China’s public response to the Mischief Reef FONOP

“Unreasonable”: CCTV’s 10pm Evening News (晚间新闻) bulletin introduces the US FONOP near Mischief Reef, Thursday May 25, 2017.

Chinese media coverage of the recent US naval patrol near its outposts in the disputed Spratly Islands suggests, to me at least, Beijing’s increasing confidence in its handling of public opinion on this sensitive issue. 

In turn, the content of some of Beijing’s publicity offers insight into China’s intentions for the handling of the matter going forward. Specifically, the government’s response suggests a firm determination to avoid escalating tensions. It could even foreshadow an increasingly tolerant attitude towards US assertions of freedom of navigation into the future.

The basis for this speculation is outlined below, but as always i’d encourage readers with other explanations to get in touch or leave a comment.

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A whiff of race-traitorhood: Sohu readers eviscerate a Global Times editorial

Hu Xijin, editor-in-chief of the Huanqiu Shibao (Global Times), on the front cover of Renwu Zhoukan (Personalities Weekly)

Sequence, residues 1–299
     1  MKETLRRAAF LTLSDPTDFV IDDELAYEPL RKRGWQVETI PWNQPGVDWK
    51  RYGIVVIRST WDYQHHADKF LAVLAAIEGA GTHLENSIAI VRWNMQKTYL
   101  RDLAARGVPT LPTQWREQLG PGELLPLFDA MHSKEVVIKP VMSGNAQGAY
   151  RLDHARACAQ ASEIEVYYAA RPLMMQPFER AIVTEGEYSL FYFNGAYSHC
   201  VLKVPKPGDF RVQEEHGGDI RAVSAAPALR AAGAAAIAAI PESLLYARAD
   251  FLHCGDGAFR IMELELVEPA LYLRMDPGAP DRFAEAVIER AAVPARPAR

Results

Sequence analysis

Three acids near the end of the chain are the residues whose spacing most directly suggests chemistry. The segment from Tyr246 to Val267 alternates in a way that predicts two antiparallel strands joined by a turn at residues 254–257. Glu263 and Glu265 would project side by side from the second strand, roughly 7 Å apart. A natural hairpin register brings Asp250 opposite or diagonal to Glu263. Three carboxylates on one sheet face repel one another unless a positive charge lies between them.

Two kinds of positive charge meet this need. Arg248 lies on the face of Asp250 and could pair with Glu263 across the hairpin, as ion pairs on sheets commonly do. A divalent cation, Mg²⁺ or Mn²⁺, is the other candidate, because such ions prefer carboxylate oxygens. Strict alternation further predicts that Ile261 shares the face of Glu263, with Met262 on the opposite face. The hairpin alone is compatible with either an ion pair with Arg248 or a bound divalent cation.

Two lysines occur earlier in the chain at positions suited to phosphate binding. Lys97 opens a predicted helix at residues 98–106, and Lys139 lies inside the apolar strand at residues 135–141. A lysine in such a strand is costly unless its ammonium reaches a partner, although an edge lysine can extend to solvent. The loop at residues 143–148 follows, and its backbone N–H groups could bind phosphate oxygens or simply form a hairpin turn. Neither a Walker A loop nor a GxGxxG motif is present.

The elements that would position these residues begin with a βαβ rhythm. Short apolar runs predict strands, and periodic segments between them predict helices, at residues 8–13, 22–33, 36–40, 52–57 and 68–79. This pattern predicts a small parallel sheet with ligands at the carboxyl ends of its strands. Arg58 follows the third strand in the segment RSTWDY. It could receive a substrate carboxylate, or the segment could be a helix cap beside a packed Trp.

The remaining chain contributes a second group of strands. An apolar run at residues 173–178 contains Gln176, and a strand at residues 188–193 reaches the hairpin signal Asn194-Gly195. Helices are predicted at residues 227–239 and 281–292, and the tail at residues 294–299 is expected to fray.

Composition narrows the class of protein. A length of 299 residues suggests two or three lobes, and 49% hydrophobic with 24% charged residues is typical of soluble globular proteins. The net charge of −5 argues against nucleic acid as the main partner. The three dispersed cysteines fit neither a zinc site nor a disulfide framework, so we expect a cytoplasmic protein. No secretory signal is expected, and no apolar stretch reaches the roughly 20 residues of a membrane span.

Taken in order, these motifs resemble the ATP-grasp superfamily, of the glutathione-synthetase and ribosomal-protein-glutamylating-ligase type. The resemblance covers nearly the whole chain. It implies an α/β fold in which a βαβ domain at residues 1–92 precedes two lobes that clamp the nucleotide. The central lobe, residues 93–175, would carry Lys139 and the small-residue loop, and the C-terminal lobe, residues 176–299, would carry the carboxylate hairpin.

The PRC’s internet users frequently serve us with reminders of just how much scepticism we should have regarding the purported market imperatives of the Huanqiu Shibao (Global Times), published by the People’s Daily.

In February 2010, according to a Wiki-leaked cable written by Jon Huntsman, a Huanqiu Shibao editor told a political officer from the US embassy that their newspaper was “market-driven” and therefore had to “reflect public opinion in order to make money”.

The same day, a Beijing University academic told embassy staff that “the Global Times’ more ‘hawkish’ editorial slant [is] ‘consistent with the demands of the readers and normal for a market-driven newspaper.’ ”

This view seems to be shared by some liberal Chinese intellectuals, such as Michael Anti, who has been quoted as saying “its position is to make money — nationalism is Global Times’ positioning in the market”.

Susan Shirk, a highly influential US analyst of PRC foreign policy, even claims that Chinese officials somehow see the Huanqiu Shibao as representative of popular opinion, and that they read it to understand the population’s views on hot-button issues. At least, that is what Shirk’s sources in the Ministry of Foreign Affairs tell her, and she raises no questions as to this information’s veracity.

Other analysts, however, like those interviewed in this excellent Asia Sentinel article, suggest at least four different domestic and international purposes that Huanqiu may serve — none of them involving monetary profit:

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